The first international glacier caving camp took place in 2014 in Switzerland, on the Gorner glacier, as part of the cross-collaborative project "Inside the glaciers" which La Venta had also enthusiastically joined.
Those were the years when we started to hear about drones, at that time there were still no pocket and commercial models like the ones we see flying today. So, to create the first 3D mapping of a glacial mill, La Venta had arranged with no little difficulty to transport a large self-built quadcopter. With these data we were able to develop the photogrammetric model of the entrance to the G6 mill, one of the most impressive of those explored in the Gorner glacier in more than 20 years of activity. At the time, carrying such a delicate and bulky instrument seemed absurd, while spelunkers still did not believe that it was really possible to achieve remarkable results.
Since then, only seven years have passed, but these technologies have made unimaginable progress. From August 17 to 20 of this year, during the filming of a documentary on the melting of glaciers, a group of members of La Venta returned to this glacier together with friends from Flyability, a Swiss company specialized in the construction of drones for indoor exploration, able to withstand shocks, splashes of water and low temperatures, and therefore allowing to reach places inaccessible to us humans.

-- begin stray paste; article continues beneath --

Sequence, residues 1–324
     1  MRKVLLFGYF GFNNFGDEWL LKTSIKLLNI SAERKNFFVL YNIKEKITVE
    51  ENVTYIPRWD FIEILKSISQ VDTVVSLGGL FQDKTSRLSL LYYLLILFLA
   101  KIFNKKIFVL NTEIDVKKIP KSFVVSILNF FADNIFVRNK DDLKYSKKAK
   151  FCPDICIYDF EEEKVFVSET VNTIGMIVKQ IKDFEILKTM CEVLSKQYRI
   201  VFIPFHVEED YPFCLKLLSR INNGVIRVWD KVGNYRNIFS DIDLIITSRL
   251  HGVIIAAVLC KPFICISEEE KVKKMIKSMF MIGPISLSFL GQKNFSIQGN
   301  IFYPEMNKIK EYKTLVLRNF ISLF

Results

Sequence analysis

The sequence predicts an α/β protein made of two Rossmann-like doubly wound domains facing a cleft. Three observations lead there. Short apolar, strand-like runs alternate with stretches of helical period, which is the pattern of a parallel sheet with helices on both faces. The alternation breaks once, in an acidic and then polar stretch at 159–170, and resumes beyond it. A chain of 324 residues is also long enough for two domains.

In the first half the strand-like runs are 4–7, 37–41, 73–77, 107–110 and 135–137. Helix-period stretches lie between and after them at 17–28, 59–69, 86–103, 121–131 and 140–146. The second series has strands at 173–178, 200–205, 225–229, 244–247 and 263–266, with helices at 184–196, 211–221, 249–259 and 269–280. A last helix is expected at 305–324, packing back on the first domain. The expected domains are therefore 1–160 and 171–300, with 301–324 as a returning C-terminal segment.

We have been collaborating with them for 5 years, taking these flying gadgets to some of the most extreme places, including the caves of Mount Kronio in 2017 together with the European Space Agency and astronaut Luca Parmitano. Together, we evaluate the possible applications and challenges to be faced in order for this technology to be useful for speleological exploration and scientific research.
Thanks to the development of these innovative technologies, during this latest expedition we can certainly say that we have had a glimpse into the future of underworld exploration. Flyability's drones managed to penetrate hundreds of meters into glacial contact cavities in the middle of the melting period. In such conditions, with underground rivers reaching several cubic meters per second, any human exploration would be considered insane.
During the expedition, it was possible to map the main contact cavity system of the Gorner Glacier using photogrammetry (“motion capture” from the videos made by the drone cameras), covering more than one hundred meters of the glacier's surface.
But in addition to the drones, this short expedition was also characterized by another important technological innovation. With the support of the company Vigea, we used the new Leica BLK2GO scanner with which 3D mappings were made inside a contact cave (look at 3D model in RGB or look at 3D model in DTM) that was detected in a few minutes, simply by walking inside the cavity.
Seven years ago I would never have imagined that only a few years later I could have such powerful tools capable of revolutionizing the concept of exploration and allowing us to obtain very useful data for scientific investigation of ice caves. And who knows what awaits us for the future.